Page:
Multiple regressions were used to compare neurocognitive functions between DISC1-Ser carrier and DISC1 Cys/Cy homozygotes, between G72 M24-A carriers and G72 M24-T/T homozygotes, and among four diplotype groups (1. DISC-Ser carrier with G72-M24 T/T, 2. DISC1-Ser carrier with G72 M24-A carrier, 3. DISC1-Cys/Cys with G72 M24-T/T, and 4. DISC1-Cys/Cys with G72 M24-A carrier) while controlling confounding factors, such as age, onset age, typical/atypical antipsychotics, education years, PANSS-Positive subscale score and PANSS-Negative subscale score. Age,31 onset age,32 illness duration,33 typical/atypical antipsychotic,34 education years35 and active symptoms2 have been associated with effects on cognitive function and visual learning/memory.


Genotype Distribution

The genotype distribution of the DISC1-Ser704Cys SNP was Cys/Cys in 212 patients and Ser carrier in 59 patients (including 54 Ser/Cys and 5 Ser/Ser 59 patients). The distribution was in accordance with Hardy–Weinberg equilibrium (χ2 = 0.66, d.f.= 1, p > 0.05). The frequency (98%) of Cys allele was similar to those of other Han Chinese studies,17,36 but higher than that (69.2%) in Caucasian populations.22

Regarding the genotype distribution of G72 M24 SNP, there were 161 A-allele carriers (48 AA and 113 TA) and 110 TT homozygotes. The A allele frequency (59%) was lower than that of the Japanese population (75%),37 but higher than that (44%) in Caucasian populations.38 This is the first study exploring G72 M24 SNP on Han Chinese patients with schizophrenia.

Cognitive Functions Among Genotype Groups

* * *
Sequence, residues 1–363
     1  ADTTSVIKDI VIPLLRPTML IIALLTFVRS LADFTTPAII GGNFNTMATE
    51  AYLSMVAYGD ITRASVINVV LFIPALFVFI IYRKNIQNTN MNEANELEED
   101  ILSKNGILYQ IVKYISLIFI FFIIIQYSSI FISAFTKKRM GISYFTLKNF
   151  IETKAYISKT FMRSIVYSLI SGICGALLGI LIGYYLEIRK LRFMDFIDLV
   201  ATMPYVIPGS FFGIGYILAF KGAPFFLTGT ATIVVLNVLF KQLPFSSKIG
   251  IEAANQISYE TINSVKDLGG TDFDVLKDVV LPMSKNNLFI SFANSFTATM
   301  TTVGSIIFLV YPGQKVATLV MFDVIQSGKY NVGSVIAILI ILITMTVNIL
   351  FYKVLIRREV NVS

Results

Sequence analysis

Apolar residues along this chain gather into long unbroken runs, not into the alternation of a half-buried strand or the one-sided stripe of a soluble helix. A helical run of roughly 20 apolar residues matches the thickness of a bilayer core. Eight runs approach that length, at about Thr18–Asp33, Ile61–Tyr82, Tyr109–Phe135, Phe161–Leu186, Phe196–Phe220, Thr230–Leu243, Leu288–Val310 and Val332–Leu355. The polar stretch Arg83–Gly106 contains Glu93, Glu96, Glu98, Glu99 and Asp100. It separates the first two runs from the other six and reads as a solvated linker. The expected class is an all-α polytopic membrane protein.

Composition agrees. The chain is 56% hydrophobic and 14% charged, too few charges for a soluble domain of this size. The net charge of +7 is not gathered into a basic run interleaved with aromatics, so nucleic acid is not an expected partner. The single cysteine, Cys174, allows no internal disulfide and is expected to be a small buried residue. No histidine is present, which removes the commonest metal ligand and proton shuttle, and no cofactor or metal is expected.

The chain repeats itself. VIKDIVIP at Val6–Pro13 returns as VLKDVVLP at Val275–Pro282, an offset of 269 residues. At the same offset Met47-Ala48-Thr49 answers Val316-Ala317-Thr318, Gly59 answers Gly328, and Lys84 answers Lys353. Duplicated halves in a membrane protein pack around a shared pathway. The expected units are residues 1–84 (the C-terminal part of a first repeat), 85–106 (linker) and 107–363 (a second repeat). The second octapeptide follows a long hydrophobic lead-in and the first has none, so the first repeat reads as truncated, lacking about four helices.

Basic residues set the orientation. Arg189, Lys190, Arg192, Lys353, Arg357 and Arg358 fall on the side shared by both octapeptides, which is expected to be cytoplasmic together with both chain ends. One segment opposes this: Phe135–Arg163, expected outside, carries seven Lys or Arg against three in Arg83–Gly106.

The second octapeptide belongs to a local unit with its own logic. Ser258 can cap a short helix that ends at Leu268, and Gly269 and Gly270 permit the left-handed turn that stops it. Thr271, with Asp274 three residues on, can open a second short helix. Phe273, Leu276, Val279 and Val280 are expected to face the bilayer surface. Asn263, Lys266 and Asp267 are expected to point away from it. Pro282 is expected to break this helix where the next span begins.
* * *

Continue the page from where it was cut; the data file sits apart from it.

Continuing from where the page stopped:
As shown in Figure 1, the three DISC1 genotypes showed an allele-dose effect on Visual Reproduction II performance, while the three G72 M24 genotypes had no significant influence. Univariate regression was used for comparison among the three genotype groups: compared to the performance (4.7±2.6) of the patients who carried no Ser allele (Cys/Cys homozygotes), those who carried 1 Ser allele (Ser/Cys heterozygotes) had better visual learning ability (5.8±2.7, t=2.593, P=0.010) and those who carried 2 ser alleles (Ser/Ser homozygotes) also tended to perform better (6.8±3.9, t=1.735, P=0.084), albeit insignificantly perhaps due to the very small sample size of the Ser/Ser group (n=5). We, therefore, grouped Ser carriers (DISC1 Ser/Ser and DISC1 Ser/Cys patients) as a group to compare with DISC1 Cys/Cys homozygotes;24 meanwhile, A-allele carriers of G72 M24 (A/A and A/T) were combined and compared to G72 M24 T/T homozygotes (Table 1).16

Demographic characteristics, clinical manifestations, CPT, and Word list II between DISC1 genotypes (Cys homozygotes vs Ser carriers) and between G72 M24 genotypes (TT homozygotes vs A carriers) were similar (Table 1). Of note, the Ser carriers excelled Cys homozygotes in Visual Reproduction II performance (t= 2.912, p=0.004), while TT homozygotes and A carriers performed similarly (Table 1).

Table 1 Demographic Characteristics, Clinical Features, and Cognitive Functions of Schizophrenia Patients with DISC1 Ser704Cys and G72 M24 Genotypes

Cognitive Functions Among Diplotype Groups

Demographic characteristics, clinical manifestations, CPT, and Word list II among the 4 diplotype groups (Ser carrier_TT, Ser carrier_A carrier, Cys/Cys_TT, Cys/Cys_A carrier) were similar (Table 2). However, the four diplotype groups differed significantly in Visual Reproduction II performance (F= 3.621, p=0.014) (Table 2).

Table 2 Demographic Characteristics, Clinical Features, and Cognitive Functions of Schizophrenia Patients with Different DISC1 Ser704Cys and G72 M24 Diplotypes